Eric Lee could offer sturdier presence on edge than Cassius Marsh

FOXBOROUGH, Mass. -- The New England Patriots have signed defensive end Eric Lee off the Bills' practice squad, which sparks an obvious question: What do they see in Lee that might be able to help them?

Bill Belichick said Wednesday morning that when the 6-foot-3, 260-pound Lee was with the Texans he played outside linebacker in their 3-4 defense and defensive end in their sub defense. That is similar to what he will be asked to do in New England.

Belichick said the team worked out Lee, who played at South Florida, prior to the 2016 draft, but Belichick himself didn't meet with him on his annual scouting trip down South. Belichick added that watching him this preseason against the Patriots (40 snaps in the second preseason game), and also in joint practices, aided part of the team's personnel analysis.

"We'll see how it goes," Belichick said of Lee's possible role with the Patriots.

After watching some of Lee's snaps against the Patriots in the preseason (some clips on Twitter feed), here are a few additional thoughts on why the team views him as a better fit than Cassius Marsh:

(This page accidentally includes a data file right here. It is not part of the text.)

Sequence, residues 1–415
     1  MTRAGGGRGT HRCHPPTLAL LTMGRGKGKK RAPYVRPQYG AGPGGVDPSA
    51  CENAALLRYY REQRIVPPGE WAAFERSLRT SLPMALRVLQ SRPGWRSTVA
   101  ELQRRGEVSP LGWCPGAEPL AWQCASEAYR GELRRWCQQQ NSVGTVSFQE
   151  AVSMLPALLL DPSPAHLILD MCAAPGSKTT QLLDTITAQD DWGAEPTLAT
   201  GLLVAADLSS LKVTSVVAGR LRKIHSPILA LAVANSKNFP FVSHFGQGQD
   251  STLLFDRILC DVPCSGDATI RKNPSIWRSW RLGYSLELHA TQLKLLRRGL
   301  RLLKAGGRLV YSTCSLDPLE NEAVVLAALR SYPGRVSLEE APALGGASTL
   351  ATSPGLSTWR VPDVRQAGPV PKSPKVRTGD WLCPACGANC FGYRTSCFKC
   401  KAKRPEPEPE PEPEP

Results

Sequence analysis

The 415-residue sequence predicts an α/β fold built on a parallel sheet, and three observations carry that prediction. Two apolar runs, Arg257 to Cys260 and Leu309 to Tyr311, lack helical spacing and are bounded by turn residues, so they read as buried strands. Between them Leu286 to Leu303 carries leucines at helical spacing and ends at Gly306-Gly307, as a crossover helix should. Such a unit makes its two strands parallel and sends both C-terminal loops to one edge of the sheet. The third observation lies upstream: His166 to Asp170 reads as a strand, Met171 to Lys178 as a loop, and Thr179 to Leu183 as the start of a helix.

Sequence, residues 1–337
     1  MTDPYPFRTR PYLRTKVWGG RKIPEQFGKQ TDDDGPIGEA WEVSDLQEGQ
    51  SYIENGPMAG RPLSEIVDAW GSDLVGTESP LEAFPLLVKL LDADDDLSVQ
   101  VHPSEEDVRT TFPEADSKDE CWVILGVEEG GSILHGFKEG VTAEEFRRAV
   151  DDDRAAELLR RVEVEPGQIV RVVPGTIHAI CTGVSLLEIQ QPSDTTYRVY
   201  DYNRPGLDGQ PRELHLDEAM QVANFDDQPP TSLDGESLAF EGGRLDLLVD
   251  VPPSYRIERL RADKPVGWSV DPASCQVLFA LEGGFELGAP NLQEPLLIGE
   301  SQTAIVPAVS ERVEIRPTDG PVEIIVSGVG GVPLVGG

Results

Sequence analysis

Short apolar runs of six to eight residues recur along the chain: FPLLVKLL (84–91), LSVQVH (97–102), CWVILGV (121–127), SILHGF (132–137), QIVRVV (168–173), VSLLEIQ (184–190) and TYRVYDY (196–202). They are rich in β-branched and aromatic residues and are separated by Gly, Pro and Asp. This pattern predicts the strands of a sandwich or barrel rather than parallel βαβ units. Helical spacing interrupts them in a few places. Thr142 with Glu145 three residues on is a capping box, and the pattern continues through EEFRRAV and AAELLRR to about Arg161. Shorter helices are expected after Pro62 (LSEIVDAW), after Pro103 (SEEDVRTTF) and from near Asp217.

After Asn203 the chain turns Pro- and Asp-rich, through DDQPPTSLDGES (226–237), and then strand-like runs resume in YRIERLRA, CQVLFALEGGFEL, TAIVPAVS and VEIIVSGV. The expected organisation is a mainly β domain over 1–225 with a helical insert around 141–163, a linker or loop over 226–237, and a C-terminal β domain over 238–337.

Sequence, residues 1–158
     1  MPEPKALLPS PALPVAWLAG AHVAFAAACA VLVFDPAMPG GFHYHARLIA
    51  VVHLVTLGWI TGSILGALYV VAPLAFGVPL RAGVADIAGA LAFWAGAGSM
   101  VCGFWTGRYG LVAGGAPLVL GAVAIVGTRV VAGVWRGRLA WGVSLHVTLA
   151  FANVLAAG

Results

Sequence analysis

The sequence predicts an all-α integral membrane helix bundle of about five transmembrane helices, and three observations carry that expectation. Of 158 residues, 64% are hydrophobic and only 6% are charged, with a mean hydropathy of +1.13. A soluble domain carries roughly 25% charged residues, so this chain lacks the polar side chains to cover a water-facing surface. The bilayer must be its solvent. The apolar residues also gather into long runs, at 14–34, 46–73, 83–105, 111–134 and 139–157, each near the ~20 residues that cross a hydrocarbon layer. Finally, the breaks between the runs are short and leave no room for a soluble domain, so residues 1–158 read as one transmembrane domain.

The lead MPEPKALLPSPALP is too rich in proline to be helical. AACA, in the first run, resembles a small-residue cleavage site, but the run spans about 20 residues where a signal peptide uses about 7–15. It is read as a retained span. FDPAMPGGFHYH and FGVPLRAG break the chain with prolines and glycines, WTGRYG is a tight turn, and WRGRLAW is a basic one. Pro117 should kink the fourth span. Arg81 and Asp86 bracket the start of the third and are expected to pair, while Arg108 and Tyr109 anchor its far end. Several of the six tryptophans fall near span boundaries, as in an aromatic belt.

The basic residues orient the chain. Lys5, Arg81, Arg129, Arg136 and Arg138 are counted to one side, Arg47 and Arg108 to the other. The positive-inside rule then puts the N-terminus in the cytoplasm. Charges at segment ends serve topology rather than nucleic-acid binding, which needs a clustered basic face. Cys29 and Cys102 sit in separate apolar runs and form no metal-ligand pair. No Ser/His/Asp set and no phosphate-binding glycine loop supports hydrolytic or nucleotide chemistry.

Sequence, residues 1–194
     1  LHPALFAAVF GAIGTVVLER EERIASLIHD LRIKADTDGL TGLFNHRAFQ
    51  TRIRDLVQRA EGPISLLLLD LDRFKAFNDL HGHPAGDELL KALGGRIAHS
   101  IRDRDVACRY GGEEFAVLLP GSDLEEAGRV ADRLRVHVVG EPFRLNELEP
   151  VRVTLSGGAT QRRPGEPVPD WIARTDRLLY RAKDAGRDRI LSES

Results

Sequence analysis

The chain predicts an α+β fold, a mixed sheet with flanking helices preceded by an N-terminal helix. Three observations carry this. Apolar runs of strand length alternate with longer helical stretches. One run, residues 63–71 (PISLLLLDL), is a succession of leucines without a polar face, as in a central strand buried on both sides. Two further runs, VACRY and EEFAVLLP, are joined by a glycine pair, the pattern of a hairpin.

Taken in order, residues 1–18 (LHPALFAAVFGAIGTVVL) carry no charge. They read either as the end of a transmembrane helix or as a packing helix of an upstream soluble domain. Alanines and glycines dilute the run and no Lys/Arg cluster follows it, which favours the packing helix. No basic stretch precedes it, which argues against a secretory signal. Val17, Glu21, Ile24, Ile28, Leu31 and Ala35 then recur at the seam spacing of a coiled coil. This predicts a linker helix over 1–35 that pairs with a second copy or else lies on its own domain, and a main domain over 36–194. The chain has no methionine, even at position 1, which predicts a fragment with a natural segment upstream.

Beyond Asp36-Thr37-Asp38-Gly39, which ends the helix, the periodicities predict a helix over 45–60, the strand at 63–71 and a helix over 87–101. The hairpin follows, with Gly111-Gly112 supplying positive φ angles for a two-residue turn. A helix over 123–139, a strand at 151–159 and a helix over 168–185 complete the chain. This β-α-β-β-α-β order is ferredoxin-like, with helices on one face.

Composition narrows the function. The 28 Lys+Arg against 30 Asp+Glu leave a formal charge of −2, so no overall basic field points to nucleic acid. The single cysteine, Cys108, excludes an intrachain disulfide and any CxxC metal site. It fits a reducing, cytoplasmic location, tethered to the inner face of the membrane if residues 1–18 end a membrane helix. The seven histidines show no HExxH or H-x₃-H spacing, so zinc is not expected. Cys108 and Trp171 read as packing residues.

More size on the edge. Lee has yet to play in a regular-season NFL game, but from a pure physical makeup perspective he will provide a sturdier presence on the edge than the 245-pound Marsh. There was one play in the preseason game where he took on offensive tackle Conor McDermott, shed the block and then tackled running back D.J. Foster on a run around the right end. That is something Marsh had struggled with coming from more of a one-gap, penetrating scheme in Seattle.

Pass-rush potential. After spending the 2016 season on the Texans' practice squad (multiple scheme like the Patriots'), and then the last two-plus months on the Bills' practice squad (more of a pure 4-3 scheme), Lee is obviously still raw as a player. He shows some potential in the pass rush, as he showed some power and speed at different times while working against young linemen Cole Croston and McDermott in the preseason. He doesn't have the same length (32 3/4) as Trey Flowers (34 1/4) and Deatrich Wise Jr. (35 5/8), but it is still seems suffice to work against longer-armed offensive tackles. His effort in chasing plays down the field and to the sideline was notable, although he isn't a quick-twitch athlete like Marsh who might be more apt to win with pure speed or a quicker first step.

Thin at defensive end. Flowers has played 91 percent of the defensive snaps this season as he seldom comes off the field. Wise is at 52.4 percent, while Marsh had played 40.1 percent. The team is thin at the position, but it helps that linebackers Kyle Van Noy and Trevor Reilly also have some end-of-the-line responsibilities in the scheme. Overall, Lee is a developmental prospect who has more ideal size to play the role that Marsh had been asked to do. He probably won't have a front-line role on special teams.